“Reliable estimates put most of our fish species at around five percent of original biomass,” he claimed.
What reliable estimates?
That statement is complete and utter rubbish, a beacon for the anti-enlightenment, post-truth brigade.
My family, too, is familiar with Whanganui Inlet.
We fished it in the late 1960s and 70s but it was never the angling El Dorado some would have it.
We did catch a whopper snapper once that was feeding around a power pole in the shallows at the head of the inlet. But despite trudging miles to the entrance, or surf casting the flats as the tide moved in, we rarely caught more than the occasional dogfish and kahawai, sting rays and a lot of stinging sand courtesy of the predominant shrieking westerlies.
The weather was so much better then, of course, the summers were longer and everyone caught mountains of fish every time they went out.
That’s the popular narrative anyway.
I happened to be at Whanganui when visiting Golden Bay last month and stopped to talk to recreational fishers in two boats who had an impressive haul of groper, big blue cod and crays. Admittedly, they had gone out through the entrance into the Tasman Sea but said this was a standard catch.
And the snapper fishing in the Tasman region this summer has been “red hot”, one of the best seasons in recent memory.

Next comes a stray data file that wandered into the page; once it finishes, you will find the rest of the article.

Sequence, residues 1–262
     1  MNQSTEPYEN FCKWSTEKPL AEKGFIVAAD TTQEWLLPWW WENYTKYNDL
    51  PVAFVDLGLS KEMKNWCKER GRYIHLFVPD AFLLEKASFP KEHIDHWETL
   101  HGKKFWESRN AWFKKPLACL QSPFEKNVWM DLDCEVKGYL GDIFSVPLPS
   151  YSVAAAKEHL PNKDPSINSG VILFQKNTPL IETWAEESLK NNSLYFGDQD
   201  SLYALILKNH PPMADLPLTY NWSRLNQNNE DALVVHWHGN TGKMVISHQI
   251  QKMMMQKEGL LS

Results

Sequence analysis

That is according to the February edition of New Zealand Fishing News, the recreational fishers’ bible.
Another inconvenient truth for some is that annual reviews of New Zealand fish stocks assessed by Ministry for Primary Industries scientists show 96.8 percent of our catch is from stocks that are sustainable.
Way back in 2003, Damien O’Connor, then a minister in the Clark Government, addressed an international conference on the governance and management of deepsea fisheries in Wellington.
He challenged environmental NGOs to maintain their credibility by using accurate information and giving credit where it was due. He cited consumer choice cards that urged consumers to avoid products from so-called unsustainable fisheries.
“Classifying all products from a particular species as bad or unsustainable simply is not good enough. It is misleading.